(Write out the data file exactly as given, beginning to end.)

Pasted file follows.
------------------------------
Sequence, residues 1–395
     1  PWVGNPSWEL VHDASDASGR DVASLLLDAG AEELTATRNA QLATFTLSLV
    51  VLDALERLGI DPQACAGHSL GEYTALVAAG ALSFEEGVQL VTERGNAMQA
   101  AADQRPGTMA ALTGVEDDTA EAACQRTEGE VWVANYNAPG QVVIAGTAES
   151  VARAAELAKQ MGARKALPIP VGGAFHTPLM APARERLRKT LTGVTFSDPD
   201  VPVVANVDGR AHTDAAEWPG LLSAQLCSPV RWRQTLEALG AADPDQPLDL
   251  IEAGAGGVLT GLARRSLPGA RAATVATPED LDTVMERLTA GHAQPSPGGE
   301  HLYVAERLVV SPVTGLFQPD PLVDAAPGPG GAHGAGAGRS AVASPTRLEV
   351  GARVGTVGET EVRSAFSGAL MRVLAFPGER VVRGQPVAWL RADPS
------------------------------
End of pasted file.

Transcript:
Sequence, residues 1–395
     1  PWVGNPSWEL VHDASDASGR DVASLLLDAG AEELTATRNA QLATFTLSLV
    51  VLDALERLGI DPQACAGHSL GEYTALVAAG ALSFEEGVQL VTERGNAMQA
   101  AADQRPGTMA ALTGVEDDTA EAACQRTEGE VWVANYNAPG QVVIAGTAES
   151  VARAAELAKQ MGARKALPIP VGGAFHTPLM APARERLRKT LTGVTFSDPD
   201  VPVVANVDGR AHTDAAEWPG LLSAQLCSPV RWRQTLEALG AADPDQPLDL
   251  IEAGAGGVLT GLARRSLPGA RAATVATPED LDTVMERLTA GHAQPSPGGE
   301  HLYVAERLVV SPVTGLFQPD PLVDAAPGPG GAHGAGAGRS AVASPTRLEV
   351  GARVGTVGET EVRSAFSGAL MRVLAFPGER VVRGQPVAWL RADPS